Photo via Google Maps

Vicki’s BBQ

3845 W. Warren Ave., Detroit; 313-894-9906
Vicki's is one of Detroit's barbecue old-timers that's up at the top of the list in any conversation on our barbecue heavyweights. That partly owes to the St. Louis-style cut ribs that Vicki's cooks over an open pit (though you can also get them smoked). But the highlight in what's basically a highlight reel meal is the vinegar and tomato-based sauce. Though there's a heavy dose of acidic vinegar, this isn't Carolina-style, but perhaps a unique composition that mixes in the best of several barbecue worlds. Could you call it Detroit-style? Perhaps. Also worth noting is the packaging — the ribs come tightly wrapped in cellophane and sit in a nest of fries soaking up the pool of excess sauce that you won't want to leave behind.

Photo via Google Maps
Vicki’s BBQ
3845 W. Warren Ave., Detroit; 313-894-9906
Vicki's is one of Detroit's barbecue old-timers that's up at the top of the list in any conversation on our barbecue heavyweights. That partly owes to the St. Louis-style cut ribs that Vicki's cooks over an open pit (though you can also get them smoked). But the highlight in what's basically a highlight reel meal is the vinegar and tomato-based sauce. Though there's a heavy dose of acidic vinegar, this isn't Carolina-style, but perhaps a unique composition that mixes in the best of several barbecue worlds. Could you call it Detroit-style? Perhaps. Also worth noting is the packaging — the ribs come tightly wrapped in cellophane and sit in a nest of fries soaking up the pool of excess sauce that you won't want to leave behind.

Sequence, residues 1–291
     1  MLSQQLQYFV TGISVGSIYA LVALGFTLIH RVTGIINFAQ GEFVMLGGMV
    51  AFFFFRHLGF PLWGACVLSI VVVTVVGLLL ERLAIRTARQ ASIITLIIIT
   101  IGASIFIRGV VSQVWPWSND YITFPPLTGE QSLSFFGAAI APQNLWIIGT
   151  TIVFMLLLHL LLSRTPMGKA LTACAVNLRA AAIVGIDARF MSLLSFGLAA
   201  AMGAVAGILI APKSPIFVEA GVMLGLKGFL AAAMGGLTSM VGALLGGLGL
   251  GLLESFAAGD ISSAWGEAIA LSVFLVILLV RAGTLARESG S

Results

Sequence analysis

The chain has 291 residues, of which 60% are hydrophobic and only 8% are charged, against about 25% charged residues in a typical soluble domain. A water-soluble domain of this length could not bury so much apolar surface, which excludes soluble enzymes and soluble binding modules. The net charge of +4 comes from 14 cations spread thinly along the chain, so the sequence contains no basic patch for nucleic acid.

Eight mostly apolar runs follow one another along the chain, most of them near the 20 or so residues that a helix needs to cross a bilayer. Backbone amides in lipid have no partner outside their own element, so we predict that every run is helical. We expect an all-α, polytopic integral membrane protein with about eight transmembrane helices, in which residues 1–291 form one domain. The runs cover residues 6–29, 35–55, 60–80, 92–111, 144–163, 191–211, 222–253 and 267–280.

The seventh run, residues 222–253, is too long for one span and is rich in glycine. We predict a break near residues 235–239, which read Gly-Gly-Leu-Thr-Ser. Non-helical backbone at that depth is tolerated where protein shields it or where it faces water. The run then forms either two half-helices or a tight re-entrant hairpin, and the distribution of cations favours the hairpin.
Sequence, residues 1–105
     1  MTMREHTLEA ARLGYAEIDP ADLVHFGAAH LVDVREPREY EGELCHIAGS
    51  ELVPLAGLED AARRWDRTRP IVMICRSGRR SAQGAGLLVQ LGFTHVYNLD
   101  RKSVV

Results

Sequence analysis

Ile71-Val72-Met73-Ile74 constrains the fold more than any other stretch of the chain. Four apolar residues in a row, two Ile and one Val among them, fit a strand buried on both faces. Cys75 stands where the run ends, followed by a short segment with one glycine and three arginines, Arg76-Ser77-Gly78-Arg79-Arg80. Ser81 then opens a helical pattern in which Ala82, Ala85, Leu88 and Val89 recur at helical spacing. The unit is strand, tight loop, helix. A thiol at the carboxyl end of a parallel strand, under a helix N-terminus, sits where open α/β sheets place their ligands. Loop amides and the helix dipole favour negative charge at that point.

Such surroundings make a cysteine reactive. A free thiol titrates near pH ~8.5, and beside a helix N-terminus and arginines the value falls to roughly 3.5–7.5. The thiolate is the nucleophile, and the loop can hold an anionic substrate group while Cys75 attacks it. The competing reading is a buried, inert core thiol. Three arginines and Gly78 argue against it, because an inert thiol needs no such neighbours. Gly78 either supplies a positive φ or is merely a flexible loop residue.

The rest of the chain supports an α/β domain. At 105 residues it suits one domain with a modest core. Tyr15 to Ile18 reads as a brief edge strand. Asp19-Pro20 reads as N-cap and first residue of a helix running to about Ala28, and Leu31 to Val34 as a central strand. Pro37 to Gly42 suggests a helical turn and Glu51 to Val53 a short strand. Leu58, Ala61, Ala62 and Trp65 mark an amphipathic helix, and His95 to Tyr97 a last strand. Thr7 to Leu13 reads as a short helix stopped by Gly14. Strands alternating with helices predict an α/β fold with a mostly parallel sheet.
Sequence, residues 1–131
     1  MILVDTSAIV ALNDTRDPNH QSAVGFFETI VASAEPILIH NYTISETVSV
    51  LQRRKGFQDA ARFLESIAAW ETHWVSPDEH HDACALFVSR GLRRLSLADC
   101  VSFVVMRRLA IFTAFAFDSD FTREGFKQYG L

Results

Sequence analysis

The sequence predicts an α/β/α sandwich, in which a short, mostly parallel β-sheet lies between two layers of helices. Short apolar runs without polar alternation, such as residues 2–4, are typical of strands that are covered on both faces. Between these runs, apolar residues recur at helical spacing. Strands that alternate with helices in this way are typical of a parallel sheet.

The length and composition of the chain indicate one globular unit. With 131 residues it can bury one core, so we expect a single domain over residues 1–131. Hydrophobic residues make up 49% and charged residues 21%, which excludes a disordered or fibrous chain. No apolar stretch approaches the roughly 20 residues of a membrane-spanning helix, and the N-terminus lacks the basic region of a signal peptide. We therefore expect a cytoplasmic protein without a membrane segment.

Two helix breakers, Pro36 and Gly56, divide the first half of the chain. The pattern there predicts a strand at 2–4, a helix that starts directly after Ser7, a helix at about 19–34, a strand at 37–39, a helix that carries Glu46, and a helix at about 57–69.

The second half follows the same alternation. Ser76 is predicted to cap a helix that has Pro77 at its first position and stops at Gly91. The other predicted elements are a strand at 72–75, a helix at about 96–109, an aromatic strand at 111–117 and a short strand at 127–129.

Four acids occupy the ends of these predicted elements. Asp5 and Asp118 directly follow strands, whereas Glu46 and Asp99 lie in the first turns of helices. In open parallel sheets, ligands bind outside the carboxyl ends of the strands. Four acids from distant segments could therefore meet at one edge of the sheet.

Photo via Tom Perkins

Vicki’s BBQ

3845 W. Warren Ave., Detroit; 313-894-9906
Vicki's is one of Detroit's barbecue old-timers that's up at the top of the list in any conversation on our barbecue heavyweights. That partly owes to the St. Louis-style cut ribs that Vicki's cooks over an open pit (though you can also get them smoked). But the highlight in what's basically a highlight reel meal is the vinegar and tomato-based sauce. Though there's a heavy dose of acidic vinegar, this isn't Carolina-style, but perhaps a unique composition that mixes in the best of several barbecue worlds. Could you call it Detroit-style? Perhaps. Also worth noting is the packaging — the ribs come tightly wrapped in cellophane and sit in a nest of fries soaking up the pool of excess sauce that you won't want to leave behind.

Photo via Tom Perkins
Parks Old Style Bar-B-Q
7444 Beaubien St., Detroit; 313-873-7444; parksoldstylebar-b-q.com
The sauce at Parks is a different animal than its other Detroit counterparts. It's done in a thinner-but-lively, acidic, vinegar-based sauce, not unlike what you'll find in the Carolinas, though it's clearly Detroit-born and bred. You can choose from three varieties: The sweet pairs well with the ribs. However, you don't want to miss the hot option, but be forewarned — this isn't "Livonia hot," this is "North End Detroit hot," and the cayenne powder-dusted chicken isn't for those who normally opt for the mild or medium spice levels. Edward Parks opened the restaurant in 1964, endured the neighborhood's ups and downs, and now cooks up between 2,500 and 3,000 pounds of ribs weekly. It's a destination, as is evidenced by the fact that 90 percent of Parks' clientele travel from outside the North End.